“The Mediterranean has a new need for stability”

by time news

Time.news – “The Arab Springs? Unfortunately they are a closed chapter. Unfortunately. Internal contradictions prevailed everywhere: let’s take Egypt, where Morsi came to power democratically, with regular elections, but then he pretended to take it all ”. Now, he says Alessandro Minuto-Rizzo, it is time to give new impetus to the stability of the Mediterranean region, facilitating economic development and the affirmation of a middle class that strengthens the political framework by preventing dangerous escapes forward. But the bravest initiative, he specifies, must come from the North Shore.

President of the NATO Defense College Foundation, Minuto-Rizzo knows what Europe is, what the Mediterranean is and what Euro-Atlantic collaboration is. He was head of the external relations office of what was once the European Economic Community and today, after a slow transformation, it is a European Union struggling with vaccines and contradictions, but in any case an example of not only political success. He was diplomatic advisor to Beniamino Andreatta, Carlo Scognamiglio and Sergio Mattarella at the defense ministry. Until 2007 he held the position of Deputy Secretary General of NATO. He knows the picture of Euro-Atlantic relations thoroughly, and says: “We must be the ones who make the strategic moves, without falling into neo-colonial attitudes”.

This is also why he organized two days of reflection with NATO Defense College which, in Rome and via streaming, brought together the academic, political and business world of the Western Mediterranean. Central theme: energy. But since everything holds together and everything is connected, his assessments are broader.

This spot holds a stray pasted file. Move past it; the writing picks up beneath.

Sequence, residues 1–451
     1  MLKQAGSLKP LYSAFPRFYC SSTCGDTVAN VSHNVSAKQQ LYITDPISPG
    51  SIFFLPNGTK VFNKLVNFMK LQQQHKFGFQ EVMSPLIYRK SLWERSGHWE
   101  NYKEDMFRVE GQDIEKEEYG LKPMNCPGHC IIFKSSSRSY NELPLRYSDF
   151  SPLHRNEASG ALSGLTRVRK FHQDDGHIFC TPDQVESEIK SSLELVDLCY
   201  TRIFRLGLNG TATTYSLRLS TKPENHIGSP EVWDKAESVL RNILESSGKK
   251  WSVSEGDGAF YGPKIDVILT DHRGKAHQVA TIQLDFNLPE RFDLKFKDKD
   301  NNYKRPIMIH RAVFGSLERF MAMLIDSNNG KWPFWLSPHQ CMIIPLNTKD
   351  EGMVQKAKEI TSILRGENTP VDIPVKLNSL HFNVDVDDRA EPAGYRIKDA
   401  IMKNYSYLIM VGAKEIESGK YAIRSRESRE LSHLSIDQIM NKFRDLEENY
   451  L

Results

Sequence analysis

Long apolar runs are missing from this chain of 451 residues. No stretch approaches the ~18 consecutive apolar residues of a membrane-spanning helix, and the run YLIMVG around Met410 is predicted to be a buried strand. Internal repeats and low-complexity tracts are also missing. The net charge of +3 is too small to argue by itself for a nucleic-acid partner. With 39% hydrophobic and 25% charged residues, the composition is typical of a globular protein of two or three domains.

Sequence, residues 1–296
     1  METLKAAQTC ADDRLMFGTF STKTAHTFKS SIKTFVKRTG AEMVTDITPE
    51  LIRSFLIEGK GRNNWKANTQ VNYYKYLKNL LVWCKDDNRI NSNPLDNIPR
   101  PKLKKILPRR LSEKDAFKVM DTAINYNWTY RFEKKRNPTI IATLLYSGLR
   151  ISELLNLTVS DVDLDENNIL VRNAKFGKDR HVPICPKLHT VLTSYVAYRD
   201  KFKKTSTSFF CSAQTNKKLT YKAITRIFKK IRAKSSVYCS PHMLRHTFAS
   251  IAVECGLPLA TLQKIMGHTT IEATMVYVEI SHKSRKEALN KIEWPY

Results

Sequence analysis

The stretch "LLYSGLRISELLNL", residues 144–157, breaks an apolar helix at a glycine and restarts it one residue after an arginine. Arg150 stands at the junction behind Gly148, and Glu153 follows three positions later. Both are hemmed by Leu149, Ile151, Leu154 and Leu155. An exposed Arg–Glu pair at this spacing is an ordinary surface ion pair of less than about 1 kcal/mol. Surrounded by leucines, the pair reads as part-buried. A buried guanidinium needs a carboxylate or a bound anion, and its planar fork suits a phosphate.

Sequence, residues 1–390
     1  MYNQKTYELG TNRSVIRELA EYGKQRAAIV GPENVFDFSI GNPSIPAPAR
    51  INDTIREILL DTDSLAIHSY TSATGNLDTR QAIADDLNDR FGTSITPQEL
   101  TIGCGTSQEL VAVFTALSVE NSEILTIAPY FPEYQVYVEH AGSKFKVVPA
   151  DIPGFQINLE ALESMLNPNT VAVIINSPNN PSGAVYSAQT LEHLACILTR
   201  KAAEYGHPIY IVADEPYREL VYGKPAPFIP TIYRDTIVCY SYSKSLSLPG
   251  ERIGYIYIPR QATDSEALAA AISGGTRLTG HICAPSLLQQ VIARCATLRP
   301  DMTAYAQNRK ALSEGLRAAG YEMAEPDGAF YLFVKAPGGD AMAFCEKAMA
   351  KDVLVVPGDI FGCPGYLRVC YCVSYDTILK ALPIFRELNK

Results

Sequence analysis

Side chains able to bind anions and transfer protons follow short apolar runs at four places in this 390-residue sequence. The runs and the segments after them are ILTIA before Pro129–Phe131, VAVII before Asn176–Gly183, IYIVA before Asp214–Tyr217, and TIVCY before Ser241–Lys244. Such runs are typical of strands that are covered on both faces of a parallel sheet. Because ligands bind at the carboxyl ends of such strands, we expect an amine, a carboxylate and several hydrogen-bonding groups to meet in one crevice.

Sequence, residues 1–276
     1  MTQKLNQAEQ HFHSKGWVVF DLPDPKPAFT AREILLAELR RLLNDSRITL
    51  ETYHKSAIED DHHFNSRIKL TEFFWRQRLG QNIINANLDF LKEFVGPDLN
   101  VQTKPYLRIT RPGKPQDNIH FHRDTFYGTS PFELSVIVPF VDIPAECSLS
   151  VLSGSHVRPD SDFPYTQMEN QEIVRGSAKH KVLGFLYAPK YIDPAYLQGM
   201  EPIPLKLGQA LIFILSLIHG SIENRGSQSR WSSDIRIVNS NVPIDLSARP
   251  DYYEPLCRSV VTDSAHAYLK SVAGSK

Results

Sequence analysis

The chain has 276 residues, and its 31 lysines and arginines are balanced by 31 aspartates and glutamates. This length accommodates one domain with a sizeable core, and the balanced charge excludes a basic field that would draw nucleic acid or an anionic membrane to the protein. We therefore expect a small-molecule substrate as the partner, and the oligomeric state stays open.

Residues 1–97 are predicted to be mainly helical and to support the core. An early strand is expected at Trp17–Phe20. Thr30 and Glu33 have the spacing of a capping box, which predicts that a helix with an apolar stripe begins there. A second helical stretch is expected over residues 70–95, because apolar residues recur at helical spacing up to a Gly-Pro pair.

“The Arab bourgeoisies have not been able to evolve, politics has turned into an occupation of power”, he almost sighs, “the process of economic, political and cultural modernization is proceeding but at too slow stages. A pity because we are talking about hundreds of millions of people, with a rich and intense humanity, an ancient and precious history. I am convinced that they deserve to be helped by extending a friendly hand to accompany them “.

Yet the expectations were quite different, at least in Europe. The idea was to be able to build a sort of unity of all the coastal peoples.

Let’s get rid of a cliché immediately. The Mediterranean is an incomplete narrative, from a historical and literary point of view. The reality is that its history is not one of integration, but of division and differentiation. More Pirenne than Braudel. The discovery of a possible harmony and collaboration is only something recent. Above all, the collaboration is not complete but largely imperfect.

Who should take responsibility for getting the game back in hand, especially now that we can think about the end of the paralysis dictated by the coronavirus?

There are indeed many forces that are attempting to revive a policy of strengthening ties, and these forces come from the North. The sad truth is that our Arab partners are dominated by an individualistic idea of ​​their own role, and of everyone’s role within their own country. Result: the Maghreb Union, for one thing, is certainly not a union. In fact, the border between Morocco and Algeria, which should be one of its beating hearts, is closed. Sealed. Forms and agreements of regional cooperation would be desirable, and instead the Arab world remains fragmented.

For us, who are Europeans facing the Mediterranean, this is not a reassuring prospect.

Instead, we have every interest in ensuring that economic interconnection, development and stability are created. Of course, it is also a reasoning of convenience: let’s not hide it. Just think of what a scenario of collaboration, peace and development, in the management of migratory phenomena and in the fight against terrorism could mean.